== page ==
It is highly likely that by the end of 1989, legislation proposing the most dramatic changes in the English legal profession in this century will be introduced by the Lord Chancellor of Great Britain in the House of Lords. If Lords approve the legislation, it will be sent to the House of Commons early in 1990 and will become effective by Royal Assent shortly thereafter. The Lord Chancellor's reforms will abolish the barristers' monopoly of audience in higher courts, partially limit the statutory bar on multidisciplinary and multinational partnerships, introduce a modified contingency fee, permit building societies and banks to do conveyancing work, and allow solicitors to be appointed to the high courts. Several of these sweeping changes, particularly those relating to multinational law practices and contingency fees, will affect the American bar and therefore should be of interest to many New York attorneys.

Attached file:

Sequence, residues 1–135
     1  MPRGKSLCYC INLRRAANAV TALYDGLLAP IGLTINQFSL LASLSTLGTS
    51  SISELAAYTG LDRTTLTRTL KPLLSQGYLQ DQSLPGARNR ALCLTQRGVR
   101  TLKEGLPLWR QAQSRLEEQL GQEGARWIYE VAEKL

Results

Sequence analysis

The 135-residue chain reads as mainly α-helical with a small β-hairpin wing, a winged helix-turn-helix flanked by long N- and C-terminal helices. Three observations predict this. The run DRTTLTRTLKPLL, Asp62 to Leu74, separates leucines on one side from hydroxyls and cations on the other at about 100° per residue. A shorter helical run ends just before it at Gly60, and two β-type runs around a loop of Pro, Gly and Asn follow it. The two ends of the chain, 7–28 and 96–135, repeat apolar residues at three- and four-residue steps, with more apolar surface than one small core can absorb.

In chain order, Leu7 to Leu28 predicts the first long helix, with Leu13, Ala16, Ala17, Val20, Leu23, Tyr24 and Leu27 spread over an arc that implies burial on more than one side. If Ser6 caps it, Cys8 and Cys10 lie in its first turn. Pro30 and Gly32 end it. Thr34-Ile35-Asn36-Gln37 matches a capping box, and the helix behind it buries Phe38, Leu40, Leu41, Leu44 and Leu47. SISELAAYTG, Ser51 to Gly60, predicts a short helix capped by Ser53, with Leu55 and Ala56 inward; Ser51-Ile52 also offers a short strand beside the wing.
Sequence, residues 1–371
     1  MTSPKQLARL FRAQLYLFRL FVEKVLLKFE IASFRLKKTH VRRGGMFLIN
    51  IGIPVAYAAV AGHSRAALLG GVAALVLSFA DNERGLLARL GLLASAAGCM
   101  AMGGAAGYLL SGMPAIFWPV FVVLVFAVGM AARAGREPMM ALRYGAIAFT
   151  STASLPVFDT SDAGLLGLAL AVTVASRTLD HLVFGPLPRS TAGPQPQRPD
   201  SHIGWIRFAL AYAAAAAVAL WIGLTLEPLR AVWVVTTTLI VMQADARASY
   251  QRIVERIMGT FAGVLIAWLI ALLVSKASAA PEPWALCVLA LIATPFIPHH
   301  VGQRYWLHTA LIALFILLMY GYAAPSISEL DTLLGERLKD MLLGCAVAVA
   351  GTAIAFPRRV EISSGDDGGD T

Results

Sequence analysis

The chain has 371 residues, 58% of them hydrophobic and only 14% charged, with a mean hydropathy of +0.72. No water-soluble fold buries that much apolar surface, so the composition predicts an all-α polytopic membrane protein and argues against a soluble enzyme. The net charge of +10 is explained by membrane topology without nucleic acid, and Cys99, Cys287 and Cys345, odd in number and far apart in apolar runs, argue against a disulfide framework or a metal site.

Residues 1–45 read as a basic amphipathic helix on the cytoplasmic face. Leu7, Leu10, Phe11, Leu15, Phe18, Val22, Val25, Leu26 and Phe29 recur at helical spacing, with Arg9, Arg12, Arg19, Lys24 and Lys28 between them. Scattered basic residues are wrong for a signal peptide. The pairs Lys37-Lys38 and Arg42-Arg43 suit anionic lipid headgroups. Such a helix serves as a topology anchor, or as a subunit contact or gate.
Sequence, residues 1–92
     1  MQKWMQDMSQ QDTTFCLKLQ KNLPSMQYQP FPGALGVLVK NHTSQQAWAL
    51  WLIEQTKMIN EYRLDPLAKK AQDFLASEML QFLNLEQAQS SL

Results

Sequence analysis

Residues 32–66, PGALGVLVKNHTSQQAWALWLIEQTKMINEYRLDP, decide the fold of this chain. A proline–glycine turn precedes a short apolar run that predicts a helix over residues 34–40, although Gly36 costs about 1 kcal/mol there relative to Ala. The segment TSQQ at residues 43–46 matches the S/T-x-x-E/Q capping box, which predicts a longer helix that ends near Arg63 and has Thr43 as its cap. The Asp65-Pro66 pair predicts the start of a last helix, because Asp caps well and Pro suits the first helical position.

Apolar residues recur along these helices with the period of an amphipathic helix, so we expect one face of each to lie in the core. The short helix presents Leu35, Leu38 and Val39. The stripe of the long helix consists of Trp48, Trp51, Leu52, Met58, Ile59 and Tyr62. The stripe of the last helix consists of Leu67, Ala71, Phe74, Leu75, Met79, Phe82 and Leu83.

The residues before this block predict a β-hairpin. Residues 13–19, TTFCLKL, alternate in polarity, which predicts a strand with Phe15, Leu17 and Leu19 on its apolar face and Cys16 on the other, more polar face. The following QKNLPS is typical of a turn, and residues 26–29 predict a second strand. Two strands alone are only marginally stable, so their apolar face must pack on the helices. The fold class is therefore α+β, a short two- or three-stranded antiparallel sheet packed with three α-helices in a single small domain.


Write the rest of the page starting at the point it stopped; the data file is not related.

Jay C. Carlisle, English White Paper Law Reforms: An Outline for Equal Access to Justice?, N.Y. St. B.J., Jan. 1990, at 54, http://digitalcommons.pace.edu/lawfaculty/621/.